Take the 2-minute tour ×
Stack Overflow is a question and answer site for professional and enthusiast programmers. It's 100% free, no registration required.

I'm new to programming in c++ and struggle with organizing my project. I have got a class named StateManager, which has a header file and an cpp file. The cpp contains all implementations.

If I now want to make an Interface class:

class IStateManager
{
    public:
        virtual ~IStateManager() {}   
        virtual void SomeMethod {}
};

I know interfaces don't really exist as they do in c# or Java, but I want multiple classes to inherit from this "interface".

Does this class also need an header and a cpp file? Or can I just put it in a header file?

share|improve this question
1  
Interface should only need header since it has no implementation. It could go in a header by itself, or in another larger header file. (no restrictions like Java here) –  user645280 Jan 14 '14 at 16:41
1  
@ebyrob: These methods are not declared to be pure virtuals. –  John Dibling Jan 14 '14 at 16:42
    
C++ compiler doesn't compile header files. Compilation units are always CPP files. If your header (because it's an interface) will be included somewhere by a cpp then you don't need an empty cpp for it. That said, if yuo're talking about interfaces...I would make that methods pure (instead of empty implementation). –  Adriano Repetti Jan 14 '14 at 16:42
    
@Adriano, the empty implementation for the destructor is OK but I agree with you on the methods. –  Mark Ransom Jan 14 '14 at 16:44
    
@MarkRansom I didn't even pay attention it's destructor! :| –  Adriano Repetti Jan 14 '14 at 16:46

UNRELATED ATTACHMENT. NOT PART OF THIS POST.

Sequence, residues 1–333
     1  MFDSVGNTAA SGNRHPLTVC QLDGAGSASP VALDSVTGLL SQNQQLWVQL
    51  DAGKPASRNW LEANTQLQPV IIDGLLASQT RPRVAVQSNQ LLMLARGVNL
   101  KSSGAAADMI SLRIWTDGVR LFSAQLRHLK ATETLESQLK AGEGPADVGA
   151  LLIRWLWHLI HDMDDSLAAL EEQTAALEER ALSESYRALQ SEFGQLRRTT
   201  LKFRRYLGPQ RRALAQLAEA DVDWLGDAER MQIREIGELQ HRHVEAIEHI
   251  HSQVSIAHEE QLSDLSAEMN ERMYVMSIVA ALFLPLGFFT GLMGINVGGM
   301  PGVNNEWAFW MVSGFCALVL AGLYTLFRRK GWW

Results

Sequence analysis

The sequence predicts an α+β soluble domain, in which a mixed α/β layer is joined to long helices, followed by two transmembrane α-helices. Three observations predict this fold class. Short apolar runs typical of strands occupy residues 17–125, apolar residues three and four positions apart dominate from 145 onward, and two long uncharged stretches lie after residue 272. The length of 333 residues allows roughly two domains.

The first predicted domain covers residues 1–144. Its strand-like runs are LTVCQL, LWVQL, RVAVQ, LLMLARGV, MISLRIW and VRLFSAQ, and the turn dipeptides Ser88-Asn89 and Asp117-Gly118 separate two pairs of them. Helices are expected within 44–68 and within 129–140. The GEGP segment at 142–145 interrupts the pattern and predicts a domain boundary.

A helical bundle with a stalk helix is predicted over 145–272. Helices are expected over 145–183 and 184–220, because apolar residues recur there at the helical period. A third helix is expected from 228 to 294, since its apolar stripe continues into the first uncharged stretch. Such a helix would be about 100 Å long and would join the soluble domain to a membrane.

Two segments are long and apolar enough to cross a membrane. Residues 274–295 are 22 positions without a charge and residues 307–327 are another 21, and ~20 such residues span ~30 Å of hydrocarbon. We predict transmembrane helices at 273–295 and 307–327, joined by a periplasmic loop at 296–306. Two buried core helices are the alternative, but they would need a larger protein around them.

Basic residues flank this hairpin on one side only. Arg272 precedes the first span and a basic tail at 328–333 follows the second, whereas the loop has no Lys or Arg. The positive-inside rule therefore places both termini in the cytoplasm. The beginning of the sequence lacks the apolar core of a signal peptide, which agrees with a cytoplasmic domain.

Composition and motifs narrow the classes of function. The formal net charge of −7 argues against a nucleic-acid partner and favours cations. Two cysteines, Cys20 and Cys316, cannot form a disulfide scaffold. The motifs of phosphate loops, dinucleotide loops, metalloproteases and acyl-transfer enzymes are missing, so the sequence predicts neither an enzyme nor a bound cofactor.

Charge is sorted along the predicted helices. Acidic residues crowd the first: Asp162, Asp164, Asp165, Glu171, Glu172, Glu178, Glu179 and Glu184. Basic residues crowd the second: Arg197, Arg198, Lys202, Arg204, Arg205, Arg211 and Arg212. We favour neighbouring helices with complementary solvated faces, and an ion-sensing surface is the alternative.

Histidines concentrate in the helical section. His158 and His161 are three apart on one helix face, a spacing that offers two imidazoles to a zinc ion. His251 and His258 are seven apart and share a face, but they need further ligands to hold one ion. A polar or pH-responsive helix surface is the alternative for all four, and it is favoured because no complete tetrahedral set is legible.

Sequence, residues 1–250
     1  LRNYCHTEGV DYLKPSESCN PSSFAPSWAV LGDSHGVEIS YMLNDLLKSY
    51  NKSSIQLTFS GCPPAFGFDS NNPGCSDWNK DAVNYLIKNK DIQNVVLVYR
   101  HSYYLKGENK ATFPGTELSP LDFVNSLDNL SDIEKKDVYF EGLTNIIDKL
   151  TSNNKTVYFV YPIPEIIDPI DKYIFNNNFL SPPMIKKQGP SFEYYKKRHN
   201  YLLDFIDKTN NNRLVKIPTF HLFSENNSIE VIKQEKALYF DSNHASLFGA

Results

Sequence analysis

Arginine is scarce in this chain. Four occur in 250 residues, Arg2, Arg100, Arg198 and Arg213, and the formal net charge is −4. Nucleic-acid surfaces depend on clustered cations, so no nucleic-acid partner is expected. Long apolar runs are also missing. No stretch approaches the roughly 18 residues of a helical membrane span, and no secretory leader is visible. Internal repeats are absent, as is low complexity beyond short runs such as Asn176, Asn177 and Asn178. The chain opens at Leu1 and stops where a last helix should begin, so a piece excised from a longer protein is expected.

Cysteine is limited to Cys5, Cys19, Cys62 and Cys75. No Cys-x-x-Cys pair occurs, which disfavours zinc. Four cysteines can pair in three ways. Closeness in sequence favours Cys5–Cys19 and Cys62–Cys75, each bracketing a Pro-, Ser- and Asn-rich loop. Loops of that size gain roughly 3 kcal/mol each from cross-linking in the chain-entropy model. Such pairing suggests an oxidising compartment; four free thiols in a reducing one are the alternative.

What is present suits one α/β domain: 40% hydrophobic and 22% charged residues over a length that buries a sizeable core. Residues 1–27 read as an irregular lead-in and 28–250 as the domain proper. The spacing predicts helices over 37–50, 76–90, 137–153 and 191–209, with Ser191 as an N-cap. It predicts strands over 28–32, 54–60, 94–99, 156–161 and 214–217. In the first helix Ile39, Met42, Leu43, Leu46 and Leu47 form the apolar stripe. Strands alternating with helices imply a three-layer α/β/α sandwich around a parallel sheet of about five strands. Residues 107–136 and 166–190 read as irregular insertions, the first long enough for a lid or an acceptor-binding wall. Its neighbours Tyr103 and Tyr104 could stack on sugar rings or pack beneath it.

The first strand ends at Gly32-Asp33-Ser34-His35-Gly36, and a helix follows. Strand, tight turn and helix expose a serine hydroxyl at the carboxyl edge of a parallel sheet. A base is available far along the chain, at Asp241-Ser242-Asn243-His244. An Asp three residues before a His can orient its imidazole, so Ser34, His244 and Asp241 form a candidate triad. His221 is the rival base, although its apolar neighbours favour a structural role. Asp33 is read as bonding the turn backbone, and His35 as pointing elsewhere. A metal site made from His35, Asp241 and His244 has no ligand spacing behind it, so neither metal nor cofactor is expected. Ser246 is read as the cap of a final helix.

2 Answers 2

up vote 4 down vote accepted

Technically, c++ doesn't have interfaces. However, one can "create" interfaces by way of multiple inheritance (or single inheritance if your class is a "base" class and doesn't need to inherit from multiple classes). Where your "interface" lives is entirely up to you. But if you plan on using a class as an interface (without any actual implementation because technically an interface doesn't have an implementation until the functions are defined in a subclass), I would put it in it's own header file and declare each function pure virtual:

class IStateManager
{
    public:
        virtual ~IStateManager() {}
        virtual void SomeMethod() = 0;
        virtual void AnotherMethod() = 0;
};

class TheState : public IStateManager, public SomeOtherParentClass
{
    virtual void SomeMethod(); // Defined in this class
    virtual void AnotherMethod(); // Also defined in this class
    //..
};

If you are defining some implementation in a .cpp for the IStateManager class, then you really have more of an abstract class and not an interface.

So in conclusion what I'm saying is: Any implementation of an "interface" should be defined in the .cpp file of its implementing class. And if you plan on using the interface in multiple files, I would create a separate .h file for it.

share|improve this answer

You can put the implementation of class methods in the header file. That doesn't mean you should. It also has nothing to do with the fact that this is an "interface" class, as you call it.

I wouldn't call this an interface class by the way, because your virtual methods aren't pure.

share|improve this answer
    
I know interfaces don't really exist as they do in c# or Java, but I want multiple classes to inherit from this "interface". So I want it isolated from other files or am I missing your point? –  Ruben-J Jan 14 '14 at 16:43
2  
I certainly wouldn't create a .cpp file just to store a couple sets of empty curly brackets {}. (Though "how should I create an interface in C++" is certainly a related question, which wasn't directly asked) –  user645280 Jan 14 '14 at 16:44

Your Answer

 
discard

By posting your answer, you agree to the privacy policy and terms of service.

Not the answer you're looking for? Browse other questions tagged or ask your own question.